The Day George Bush Stopped Drinking: Why Abstinence Matters to the Religious Right.
Contains Photos, Illustrations, Bibliography, Index
John Abbott is a professor of history at Laurentian University’s Algoma University College. He is the co-author of The Border at Sault Ste Marie and The History of Fort St. Joseph.
This is a book about the history of abstinence in American society. In particular, it is a treatise on the relationship between Christian fundamentalism and a fetish for preserving the mind and body as a chaste vessel, a temple suitable for the residence of the Holy Spirit. Christian discipline has always involved acts of mortifying the flesh. Abstinence, self-denial, and a rigorous house-cleaning of the inner man rather than the abuse of the physical body (by flagellation, for example), has been the American, Protestant, fundamentalist way to the prospect of meriting eternal life. Jessica Warner believes that the prohibition of particular practices as immoral, by broad-based American evangelical denominations, has frequently influenced the formation and implementation of public policy. Prohibition is a case in point. So are a number of the social policies promoted by George Bush personally before he became President of the United States, and as public policy, once he entered into the Office.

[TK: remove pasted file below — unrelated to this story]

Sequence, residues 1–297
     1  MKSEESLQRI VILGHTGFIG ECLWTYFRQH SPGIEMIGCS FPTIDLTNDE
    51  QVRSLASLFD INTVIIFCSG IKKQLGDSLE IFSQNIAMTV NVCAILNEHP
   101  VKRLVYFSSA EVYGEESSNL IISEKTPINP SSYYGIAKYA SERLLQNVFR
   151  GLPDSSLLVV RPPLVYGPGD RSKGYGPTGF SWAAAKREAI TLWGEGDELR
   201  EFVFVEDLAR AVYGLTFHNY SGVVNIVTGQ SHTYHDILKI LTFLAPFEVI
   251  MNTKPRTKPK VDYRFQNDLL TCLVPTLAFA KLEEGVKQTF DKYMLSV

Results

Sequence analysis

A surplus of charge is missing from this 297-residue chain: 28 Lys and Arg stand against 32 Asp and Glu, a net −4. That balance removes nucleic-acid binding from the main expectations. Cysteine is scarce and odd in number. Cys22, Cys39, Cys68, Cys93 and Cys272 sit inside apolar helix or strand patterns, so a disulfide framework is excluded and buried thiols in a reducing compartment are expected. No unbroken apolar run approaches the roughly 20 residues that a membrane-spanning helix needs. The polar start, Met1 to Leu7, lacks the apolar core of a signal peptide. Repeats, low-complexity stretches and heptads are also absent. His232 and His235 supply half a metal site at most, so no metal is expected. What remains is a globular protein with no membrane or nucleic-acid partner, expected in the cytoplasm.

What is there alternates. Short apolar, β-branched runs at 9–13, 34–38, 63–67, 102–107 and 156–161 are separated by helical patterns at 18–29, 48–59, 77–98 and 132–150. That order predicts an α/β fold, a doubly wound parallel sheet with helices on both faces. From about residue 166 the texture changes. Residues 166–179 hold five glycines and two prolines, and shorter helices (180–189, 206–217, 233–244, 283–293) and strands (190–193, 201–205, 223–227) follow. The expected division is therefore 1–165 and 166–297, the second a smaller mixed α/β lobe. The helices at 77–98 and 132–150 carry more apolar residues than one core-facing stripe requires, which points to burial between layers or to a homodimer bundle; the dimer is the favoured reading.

The American conviction that abstinence rather than moderation is the appropriate choice when confronted by an attractive pleasure that threatens to become a dangerous addiction took root in the early part of the 19th century, beginning with spirituous liquors but extending quickly to hard cider, beer, wine, coffee, tea, tobacco, bacon, and pickles. This tendency was driven by the American version of the democratic revolution and religious revivalism, which combined to produce a deep antipathy to elitist opinions and practices where moderation seemed to represent a half-way covenant with Satan. The author’s review of the way in which moderation came to be regarded as a vice is followed by chapters on health reform, the role of the Reverend Sylvester Graham, and the quest for “perfect temperance”; the emergence of a hard-nosed authoritarianism in the campaign to eliminate the consumption of alcoholic beverages, a transformation that robbed social reform of its idealism; an examination of the alternative British model and an evaluation of abstinence as a factor influencing modern American behavior. Jessica Warner’s study of abstinence in America will entrance the general reader and interest the student of American reform movements.